July 22, 2008 Codemasters returned to their prior reputable standing as racing game developers with the release of Colin McRae DIRT last June. This year, Race Driver: GRID resurrects another last-gen favorite for the current generation of consoles - here's our full review.
Starting off with an old, beaten-up Mustang, you'll need to race for other teams in order to earn the money you'll need to fix up your car, design your team's signature paint job and start your team. Racing for other teams earns you cash fast, and means you don't have to own a suitable car to enter an event, but it doesn't do much at all for your reputation - which you'll need to reach the advanced races. The good news is you can breeze past this first part of the game on one of the easier difficulty levels if you need to, earning the $30,000 you need in less than fifteen minutes.
While the 47 cars on offer might seem a little light on in comparison to Forza Motorsport 2, the depth and variety of the racing modes in GRID more than make up for it. You'll be racing across three continents (US, Europe and Asia) each with their own vehicles and several signature events like the demolition derbies and muscle cars of the US, the touring cars and circuit racing of Europe and the pro-tuned racers and Touge (head-to-head, no-contact mountain climbs and descents) events of Japan. And before you think "Jack of all trades, master of none," I can safely say that GRID excels in everything it does despite it's ambitious reach.
GRID is part-simulation, part-arcade. You can slide around a corner, but it doesn't feel like you're on train tracks like Ridge Racer. You'll have to brake to get around a hairpin, but it you're not going to spin out and ruin your race should you accelerate a little too early on the way out. It's just...fun. In contrast with a majority of racing games, the AI doesn't rely on cheating to win by sitting inches away from your rear bumper and waiting for the slightest mistake. If you pull off a perfect turn on the last lap, you'll be extending your lead. The rubber banding effect is absent, and it's a far more rewarding racing experience as a result.
GRID features a Flashback mechanic that is one of the most innovative ideas to hit the racing genre in years. Depending on the difficulty level you've chosen, you get a certain number of flashbacks per race. At any stage you can pause the game, scroll back through the replay, and resume the gameplay from a point in time before you'd made a mistake. It's a brilliant element that takes the frustration out of your inevitable mistakes - a Flashback is a far better option than restarting the race, especially when you've just lost it on the last corner of a twenty minute run around Circuit de la Sarthe. What's great is that those who think the mechanic is akin to cheating can choose to leave it unused, and those who think it's the best thing since Daytona hit arcades can use it to enjoy the racing without the frustration.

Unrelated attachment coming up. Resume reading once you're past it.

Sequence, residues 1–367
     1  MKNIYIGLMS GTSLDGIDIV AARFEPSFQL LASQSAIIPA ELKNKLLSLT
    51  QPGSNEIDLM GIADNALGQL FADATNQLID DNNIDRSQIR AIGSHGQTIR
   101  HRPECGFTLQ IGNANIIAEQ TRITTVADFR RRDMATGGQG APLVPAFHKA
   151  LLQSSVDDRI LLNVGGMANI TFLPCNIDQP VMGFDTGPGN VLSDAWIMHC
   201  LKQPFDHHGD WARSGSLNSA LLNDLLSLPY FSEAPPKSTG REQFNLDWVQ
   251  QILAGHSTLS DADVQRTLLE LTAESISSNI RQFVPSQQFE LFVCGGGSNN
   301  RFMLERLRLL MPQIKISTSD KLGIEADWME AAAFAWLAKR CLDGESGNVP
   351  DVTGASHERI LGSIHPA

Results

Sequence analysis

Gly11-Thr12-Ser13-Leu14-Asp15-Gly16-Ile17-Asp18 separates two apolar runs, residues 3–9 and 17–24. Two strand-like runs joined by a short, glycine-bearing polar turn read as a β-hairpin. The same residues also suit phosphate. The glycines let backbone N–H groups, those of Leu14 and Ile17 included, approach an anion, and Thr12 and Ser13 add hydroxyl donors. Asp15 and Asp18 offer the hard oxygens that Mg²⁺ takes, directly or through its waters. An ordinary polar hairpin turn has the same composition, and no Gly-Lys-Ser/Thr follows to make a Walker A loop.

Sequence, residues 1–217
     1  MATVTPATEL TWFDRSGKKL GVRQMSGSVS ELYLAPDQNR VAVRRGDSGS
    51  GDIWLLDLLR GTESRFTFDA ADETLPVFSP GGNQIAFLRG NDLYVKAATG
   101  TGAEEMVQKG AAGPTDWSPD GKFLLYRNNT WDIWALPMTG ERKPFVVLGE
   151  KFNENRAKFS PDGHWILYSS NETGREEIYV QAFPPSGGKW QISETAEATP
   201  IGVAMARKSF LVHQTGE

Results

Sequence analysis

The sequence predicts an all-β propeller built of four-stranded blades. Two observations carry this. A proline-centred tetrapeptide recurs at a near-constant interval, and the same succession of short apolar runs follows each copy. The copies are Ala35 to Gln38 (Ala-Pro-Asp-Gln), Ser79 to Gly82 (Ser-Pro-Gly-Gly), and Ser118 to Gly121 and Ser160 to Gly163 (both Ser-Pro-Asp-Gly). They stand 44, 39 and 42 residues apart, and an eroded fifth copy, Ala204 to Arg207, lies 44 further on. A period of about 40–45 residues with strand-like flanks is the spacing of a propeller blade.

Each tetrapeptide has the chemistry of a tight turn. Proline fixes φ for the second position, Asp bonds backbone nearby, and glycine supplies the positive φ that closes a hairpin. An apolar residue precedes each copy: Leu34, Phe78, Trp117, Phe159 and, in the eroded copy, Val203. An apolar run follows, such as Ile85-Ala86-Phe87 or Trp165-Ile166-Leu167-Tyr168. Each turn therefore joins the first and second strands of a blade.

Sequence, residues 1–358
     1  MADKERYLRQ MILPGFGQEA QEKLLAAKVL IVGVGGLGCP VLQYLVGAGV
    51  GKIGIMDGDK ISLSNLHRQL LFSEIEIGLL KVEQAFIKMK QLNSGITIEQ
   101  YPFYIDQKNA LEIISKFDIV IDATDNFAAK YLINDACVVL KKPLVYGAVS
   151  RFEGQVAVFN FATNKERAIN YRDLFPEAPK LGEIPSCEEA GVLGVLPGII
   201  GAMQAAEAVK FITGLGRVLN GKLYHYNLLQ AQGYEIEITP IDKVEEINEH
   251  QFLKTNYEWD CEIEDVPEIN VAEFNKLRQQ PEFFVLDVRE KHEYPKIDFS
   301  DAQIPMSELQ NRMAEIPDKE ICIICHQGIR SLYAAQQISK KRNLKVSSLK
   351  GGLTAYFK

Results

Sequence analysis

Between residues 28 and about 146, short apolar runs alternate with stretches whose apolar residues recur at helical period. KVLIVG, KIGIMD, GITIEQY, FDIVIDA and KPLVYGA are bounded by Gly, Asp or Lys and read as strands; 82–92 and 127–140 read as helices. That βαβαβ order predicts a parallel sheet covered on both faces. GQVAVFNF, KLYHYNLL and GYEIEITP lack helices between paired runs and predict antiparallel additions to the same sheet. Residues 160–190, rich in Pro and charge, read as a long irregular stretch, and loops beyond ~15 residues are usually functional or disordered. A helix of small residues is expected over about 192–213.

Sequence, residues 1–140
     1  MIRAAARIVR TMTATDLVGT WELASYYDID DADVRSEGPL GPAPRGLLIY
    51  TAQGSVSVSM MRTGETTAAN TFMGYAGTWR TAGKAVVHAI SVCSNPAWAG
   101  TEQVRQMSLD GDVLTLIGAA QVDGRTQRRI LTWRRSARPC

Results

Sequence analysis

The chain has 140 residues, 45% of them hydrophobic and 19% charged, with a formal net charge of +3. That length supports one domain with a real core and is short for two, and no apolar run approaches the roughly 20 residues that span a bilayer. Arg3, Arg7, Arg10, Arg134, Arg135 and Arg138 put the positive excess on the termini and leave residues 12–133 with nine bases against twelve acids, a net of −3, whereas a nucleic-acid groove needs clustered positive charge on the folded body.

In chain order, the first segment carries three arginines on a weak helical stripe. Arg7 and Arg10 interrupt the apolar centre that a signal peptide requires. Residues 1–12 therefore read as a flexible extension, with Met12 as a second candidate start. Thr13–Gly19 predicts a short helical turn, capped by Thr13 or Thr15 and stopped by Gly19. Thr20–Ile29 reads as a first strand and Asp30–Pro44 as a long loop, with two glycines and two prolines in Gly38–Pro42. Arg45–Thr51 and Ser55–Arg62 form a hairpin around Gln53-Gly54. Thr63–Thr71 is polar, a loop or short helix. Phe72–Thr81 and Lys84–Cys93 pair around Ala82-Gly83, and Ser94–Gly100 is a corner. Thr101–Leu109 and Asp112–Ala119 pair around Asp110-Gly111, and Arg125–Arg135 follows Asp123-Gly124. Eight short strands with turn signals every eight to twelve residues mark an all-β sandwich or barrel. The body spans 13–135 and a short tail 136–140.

There's no denying that GRID is gorgeous. The sense of speed it conveys in motion is amazing - the screenshots don't really do it justice. Convincing smoke effects and an unsurpassed damage model lead to some truly spectacular crashes. More impressive is that Codemasters managed to leave enough horsepower to render possibly the most human-looking crowd in a racing game. They wave frantically as you drive by, cheer as you overtake, and gasp as you hit a barrier at 120 miles per hour - a welcome change compared to the static mannequins standing by the road in Gran Turismo 5 Prologue.
The pacing is beautiful - you can buy a competitive car for a new event type by winning a handful of races - so you won't have to grind for hours to progress in the game. Provided you're winning races, sponsors will regularly contact you. There's enough room on your car for one major sponsors logo, and several minor sponsors which you can change at any time. Each sponsor will set conditions like "Place higher than 4th for $3,000" or "Place 1st for $6,000", so with the right sponsors, you can rack up some serious cash for even a podium place. There's also a basic teammate mechanic that allows you to hire a driver to race with you. Having your team win in the team standings on top of winning the drivers championship means even more cash and reputation, and your sponsors will pay out on your teammates placing as well.
As you'd expect from the developers of DIRT, the interface and menu system is absolutely superb. It's incredibly quick and easy to navigate, you've got a clear indication of the differences between cars before you purchase them, and the time you spend watching loading screens is made far less painful by showing interesting statistics like the total number of miles you've raced, how much of the game you've completed and how far away you are from unlocking certain achievements.
If you tire of the clinical feel of simulations like Forza and Gran Turismo, but can't get into Ridge Racer, Need for Speed or Burnout, GRID could be the racing game you have been waiting for. And no matter what racers you're already into, the GRID experience is so undeniably fun that it's worth a rental at the very least.
We tested the Xbox 360 version of the game, but there are versions available for the Nintendo DS, PlayStation 3 and PC, including a digital download from Steam. Console demos are available from Xbox Live Marketplace and the PlayStation Network, and the PC demo is available from Codemasters.
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